Batool F. Kirmani*, Ekokobe Fonkem DO and Diana Mungall Robinson
    Abstract We describe a case report of a young woman with long-standing epilepsy since childhood. She has failed three resective surgeries, anterior left temporal lobectomy, complete total lobectomy and frontal resection. Pharmacologically, she has had a therapeutic trial of most of the marketed medications, including the vagal nerve stimulator.She remains intractable with two to three seizures per week on gabitril,tegretol, and vagal nerve stimulator. This has been the best control for more than a decade.
    She was seen in our epilepsy clinic with an increased frequency of seizures ranging from 10-20 per day requiring frequent emergency room and clinic visits. A careful history revealed that the presentation of the spells was atypical.Her usual episodes were characterized by head shaking, confusion, electrical sensation in the head and periods of whole body shaking with no postictal state.
    She was admitted in our epilepsy monitoring unit and intensive video EEG monitoring was performed over a four-day period. We were able to capture all of her spells, revealing no electrographic seizures.
    The diagnosis ofpsychogenic non-epileptic spells (PNES) was made with follow up with psychiatry. Our case report emphasizes the importance of intensive video EEG monitoring in patients with a well-established diagnosis of epilepsy. The idea is to diagnose new, onset frequent atypical events prompting the need for frequent emergency room and clinic visits and hospital admissions.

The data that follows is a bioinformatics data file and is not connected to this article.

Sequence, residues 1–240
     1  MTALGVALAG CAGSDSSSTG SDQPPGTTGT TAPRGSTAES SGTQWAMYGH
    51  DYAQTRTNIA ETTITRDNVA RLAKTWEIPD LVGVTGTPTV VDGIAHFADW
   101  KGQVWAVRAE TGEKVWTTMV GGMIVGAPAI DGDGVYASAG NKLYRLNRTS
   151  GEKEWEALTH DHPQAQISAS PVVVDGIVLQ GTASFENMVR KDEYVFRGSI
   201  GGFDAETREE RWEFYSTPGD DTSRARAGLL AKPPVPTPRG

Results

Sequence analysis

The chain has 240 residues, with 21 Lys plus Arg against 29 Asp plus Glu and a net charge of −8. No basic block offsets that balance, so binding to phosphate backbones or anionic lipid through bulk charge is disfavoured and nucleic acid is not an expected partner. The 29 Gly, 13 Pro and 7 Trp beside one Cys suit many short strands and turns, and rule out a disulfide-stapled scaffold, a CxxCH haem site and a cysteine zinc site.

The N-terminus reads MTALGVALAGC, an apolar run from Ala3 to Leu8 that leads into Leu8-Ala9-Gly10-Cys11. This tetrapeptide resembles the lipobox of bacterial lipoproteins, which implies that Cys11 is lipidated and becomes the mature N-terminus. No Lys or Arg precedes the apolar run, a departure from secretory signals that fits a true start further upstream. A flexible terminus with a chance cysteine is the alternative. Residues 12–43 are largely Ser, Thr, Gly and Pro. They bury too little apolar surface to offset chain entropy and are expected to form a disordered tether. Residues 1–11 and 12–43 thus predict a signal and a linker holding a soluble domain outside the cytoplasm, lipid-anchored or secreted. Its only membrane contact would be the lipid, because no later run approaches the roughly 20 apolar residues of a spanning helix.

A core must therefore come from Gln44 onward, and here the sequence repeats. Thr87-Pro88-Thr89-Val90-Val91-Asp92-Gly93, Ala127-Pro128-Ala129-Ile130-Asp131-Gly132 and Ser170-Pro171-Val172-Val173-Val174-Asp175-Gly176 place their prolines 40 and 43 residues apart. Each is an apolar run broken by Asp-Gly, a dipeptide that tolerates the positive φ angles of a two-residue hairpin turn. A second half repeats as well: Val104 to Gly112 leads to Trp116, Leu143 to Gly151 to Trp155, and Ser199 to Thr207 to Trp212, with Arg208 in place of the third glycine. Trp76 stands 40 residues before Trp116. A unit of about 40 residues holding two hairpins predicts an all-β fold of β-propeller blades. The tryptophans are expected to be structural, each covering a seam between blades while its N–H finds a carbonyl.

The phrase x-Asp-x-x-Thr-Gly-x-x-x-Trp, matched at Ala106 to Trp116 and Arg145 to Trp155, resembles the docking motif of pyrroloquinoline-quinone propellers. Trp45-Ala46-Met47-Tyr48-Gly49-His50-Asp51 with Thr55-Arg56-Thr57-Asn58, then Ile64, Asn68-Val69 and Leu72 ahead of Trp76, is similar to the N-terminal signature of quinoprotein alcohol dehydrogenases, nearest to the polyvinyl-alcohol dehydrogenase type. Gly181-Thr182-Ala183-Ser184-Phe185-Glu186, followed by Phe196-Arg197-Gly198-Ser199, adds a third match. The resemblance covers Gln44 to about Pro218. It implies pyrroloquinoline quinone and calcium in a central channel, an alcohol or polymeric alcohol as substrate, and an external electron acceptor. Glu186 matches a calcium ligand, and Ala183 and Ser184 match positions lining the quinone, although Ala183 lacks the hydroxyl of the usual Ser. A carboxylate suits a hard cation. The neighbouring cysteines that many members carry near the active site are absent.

Cristina Soeiro*, Tomas Fonseca and Maria Betania Ferreira
    Abstract Auto-immune haemolytic anemias (AIHA) are a group of heterogeneous diseases of acquired immunologic destruction of red blood cells (RBC). Cold AIHA is usually associated with underlining disorders such as infections, autoimmune diseases and neoplastic growth. Infection associated cold AIHA may be severe, but is usually a self-limited disease without chronic complications of hemolysis such as gallstones or nephrolithiasis. We present a case of AIHA with auto-limited production of cold agglutinins associated with an acute infection and several uncommon lithiasic complications that occurred months after resolution of the hemolytic event.
    Ravi Badge*, Jad Mushtaq and I Siddique
    Abstract Wound breakdown of the operative incision can be a devastating complication. Persistent problems with healing can lead to overlying skin loss and thus exposing underlying structures. Patients with underlying metalwork can further increase risk of poor wound healing. Surgical wound healing is a multifactorial event.
    Wound breakdown due to underlying prominent spinous process at cervico-thoracic junction has not been reported in literature. We report a unique case of this complication following posterior spinal fixation of lower cervical vertebra fracture in-patient with underlying Diffuse Idiopathic Skeletal Hyperostosis (DISH) disease.